By Jeff McMenemy
Posted Jan 11, 2019 at 6:48 PM
PORTSMOUTH - New Hampshire Department of Environmental Services officials have rejected a petition request to treat PFAS compounds as a class of chemicals, rather than regulating them on a chemical-by-chemical basis.
The petition came from a series of high-profile environmental groups, including the Conservation Law Foundation, Testing For Pease, the New Hampshire Safe Water Alliance, Merrimack Citizens For Clean Water and the Toxics Action Center.
The federal Agency For Toxic Substances and Disease Registry has said PFAS chemicals are a suspected carcinogen, may affect “growth, learning and behavior” in children, could hurt the body’s immune system, may make it harder for women to get pregnant and could increase cholesterol levels.
PFAS are man-made chemicals used in firefighting foam, non-stick products and stain resistant fabrics and carpets.
DES Commissioner Robert Scott rejected the request from the groups in a letter sent to Tom Irwin, the vice president of the Conservation Law Foundation, on Thursday.
Scott acknowledged in the letter that DES “has been given express authority to adopt drinking water standards beyond those established by the U.S. Environmental Protection Agency.”
Scott also pointed out that his agency is in the process of adopting “individual maximum contaminant limits (MCLs) for four PfAS: perfluorooctanoic acid (PFOA), perfluorooctane sulfonic acid (PFOS), perfluorononanoic acid (PFNA), and perfluorohexane sulfonic acid (PfHxS).”
DES was compelled to do that by recently passed legislation, which was drafted by former state Rep. Mindi Messmer.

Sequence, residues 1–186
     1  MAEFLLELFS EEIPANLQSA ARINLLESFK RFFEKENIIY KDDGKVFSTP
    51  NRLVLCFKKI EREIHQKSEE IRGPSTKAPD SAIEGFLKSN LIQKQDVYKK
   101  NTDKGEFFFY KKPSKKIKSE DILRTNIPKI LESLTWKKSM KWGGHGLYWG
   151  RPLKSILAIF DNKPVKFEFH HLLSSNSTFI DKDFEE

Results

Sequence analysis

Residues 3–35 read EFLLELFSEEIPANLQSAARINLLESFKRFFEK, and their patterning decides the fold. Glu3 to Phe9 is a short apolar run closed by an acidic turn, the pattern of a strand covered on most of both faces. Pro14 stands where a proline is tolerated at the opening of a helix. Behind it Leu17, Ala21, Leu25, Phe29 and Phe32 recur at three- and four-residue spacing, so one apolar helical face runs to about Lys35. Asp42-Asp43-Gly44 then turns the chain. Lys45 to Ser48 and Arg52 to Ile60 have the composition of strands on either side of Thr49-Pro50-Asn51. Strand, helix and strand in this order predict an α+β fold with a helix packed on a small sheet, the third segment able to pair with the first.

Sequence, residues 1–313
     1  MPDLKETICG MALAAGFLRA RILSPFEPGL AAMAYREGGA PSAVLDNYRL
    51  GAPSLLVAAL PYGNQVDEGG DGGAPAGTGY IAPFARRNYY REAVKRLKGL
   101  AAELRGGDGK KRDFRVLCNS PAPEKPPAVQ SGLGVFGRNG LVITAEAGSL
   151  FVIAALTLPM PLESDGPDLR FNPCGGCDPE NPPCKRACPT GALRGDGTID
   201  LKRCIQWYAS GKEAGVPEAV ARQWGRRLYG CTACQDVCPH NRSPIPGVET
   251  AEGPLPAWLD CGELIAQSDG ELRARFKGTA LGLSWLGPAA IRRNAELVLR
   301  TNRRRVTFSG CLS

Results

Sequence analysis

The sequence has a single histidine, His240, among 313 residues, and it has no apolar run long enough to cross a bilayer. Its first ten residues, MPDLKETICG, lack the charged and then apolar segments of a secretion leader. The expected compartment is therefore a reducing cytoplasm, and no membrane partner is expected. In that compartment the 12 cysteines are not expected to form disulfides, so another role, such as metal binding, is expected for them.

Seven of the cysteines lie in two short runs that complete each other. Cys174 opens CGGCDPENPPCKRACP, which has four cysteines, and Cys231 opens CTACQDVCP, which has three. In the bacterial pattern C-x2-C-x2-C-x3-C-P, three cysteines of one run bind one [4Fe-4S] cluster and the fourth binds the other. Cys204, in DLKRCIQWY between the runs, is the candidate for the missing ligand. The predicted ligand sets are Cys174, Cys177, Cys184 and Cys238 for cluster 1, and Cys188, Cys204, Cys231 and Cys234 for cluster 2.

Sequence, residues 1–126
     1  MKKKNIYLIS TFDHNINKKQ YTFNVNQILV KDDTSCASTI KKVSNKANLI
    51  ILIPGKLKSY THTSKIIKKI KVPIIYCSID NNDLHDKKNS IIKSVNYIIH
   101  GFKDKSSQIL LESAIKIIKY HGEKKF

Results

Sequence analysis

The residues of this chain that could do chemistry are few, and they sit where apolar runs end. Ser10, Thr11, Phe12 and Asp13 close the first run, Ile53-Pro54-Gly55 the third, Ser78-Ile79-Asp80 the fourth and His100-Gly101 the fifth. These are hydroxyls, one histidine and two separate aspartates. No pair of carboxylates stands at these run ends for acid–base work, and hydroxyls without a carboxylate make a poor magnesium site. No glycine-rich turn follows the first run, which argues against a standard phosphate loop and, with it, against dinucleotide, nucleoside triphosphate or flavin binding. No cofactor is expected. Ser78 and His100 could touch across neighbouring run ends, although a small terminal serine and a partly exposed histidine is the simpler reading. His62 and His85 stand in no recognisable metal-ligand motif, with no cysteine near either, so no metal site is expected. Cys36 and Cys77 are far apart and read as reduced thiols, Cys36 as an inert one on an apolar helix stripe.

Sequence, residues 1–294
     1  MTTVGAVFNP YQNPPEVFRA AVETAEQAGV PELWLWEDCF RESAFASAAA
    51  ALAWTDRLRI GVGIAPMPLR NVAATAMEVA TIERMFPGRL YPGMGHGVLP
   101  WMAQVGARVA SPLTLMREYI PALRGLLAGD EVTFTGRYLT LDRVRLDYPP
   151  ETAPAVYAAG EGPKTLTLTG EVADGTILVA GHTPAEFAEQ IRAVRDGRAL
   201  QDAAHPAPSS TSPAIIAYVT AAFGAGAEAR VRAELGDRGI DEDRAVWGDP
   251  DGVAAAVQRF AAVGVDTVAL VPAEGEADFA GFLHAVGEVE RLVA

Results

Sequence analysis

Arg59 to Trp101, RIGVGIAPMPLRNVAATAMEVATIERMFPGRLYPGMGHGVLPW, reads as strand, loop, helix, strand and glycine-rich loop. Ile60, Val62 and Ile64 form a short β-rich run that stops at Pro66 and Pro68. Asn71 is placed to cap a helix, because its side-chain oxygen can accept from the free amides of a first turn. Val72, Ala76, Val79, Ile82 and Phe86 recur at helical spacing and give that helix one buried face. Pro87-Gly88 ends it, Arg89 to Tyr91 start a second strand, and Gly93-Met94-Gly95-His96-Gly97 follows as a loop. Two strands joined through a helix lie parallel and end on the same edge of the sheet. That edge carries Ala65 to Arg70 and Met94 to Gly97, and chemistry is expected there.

But DES believes “it would be premature at this time to initiate rulemaking for PFAS compounds outside the scope of the specific legislative authorization, since there is significantly less scientific information on PFAS compounds outside those four,” Scott said in the letter.
“We understand the desire to regulate groups of this large class of persistent, bio-accumulative, and mobile chemicals, and have urged the US EPA to invest the needed resources to identify an appropriate, scientifically-based methodology to do so,” Scott added.
Messmer, a scientist, said DES’ decision shows the agency is “not being protective of public health, like other states are.”
States like Vermont and New Hampshire have set much lower standards on PFAS chemicals than New Hampshire has.
She also criticized DES for deferring to the EPA to address PFAS chemicals and their health hazards.
“Relying on the EPA to come up with some technology-based standards is probably not going to happen under the current administration,” Messmer said Friday.
The EPA has set public health advisory levels for just two of the thousands of PFAS chemicals, PFOS and PFOA.
“They’ve said they’re going to begin looking at it but there’s no schedule or any formal plans,” Messmer said. “With New Hampshire having the highest rate of pediatric cancer in the country, DES should be looking at more protective standards and treating PFAS as a class of chemicals.”
Thousands of people, including children at two day cares, were exposed to PFAS contamination in the city-owned Haven well at the Pease International Tradeport before the city shut down the well in May 2014. Investigators believe the PFOS compounds came from firefighter foam used at the former Pease Air Force Base.
Portsmouth mother Andrea Amico, the co-founder of Testing For Pease, expressed disappointment in DES’s decision.
“The scientific evidence on health effects related to PFAS continues to grow and we have seen other states take the lead and be more proactive. The health effects associated with single PFAS compounds are serious and concerning such as different types of cancer, immune dysfunction, thyroid issues, and more,” Amico said Friday. “However, we don’t know yet what the combination of multiple PFAS will do to the human body.”
Amico believes “DES should take a precautious and proactive approach to stop New Hampshire residents from being exposed to all PFAS in drinking water by
Like Messmer, Amico noted that the EPA “has moved very slow to address PFAS issues and continues to lag in leading the way to assist millions of Americans facing PFAS contaminated drinking water.”
That’s why DES “cannot wait for the EPA to step up and do the heavy lifting because the residents of New Hampshire will suffer in the interim.”
“By not regulating PFAS as a class, our state and federal government are letting us down and gambling with public health,” she added.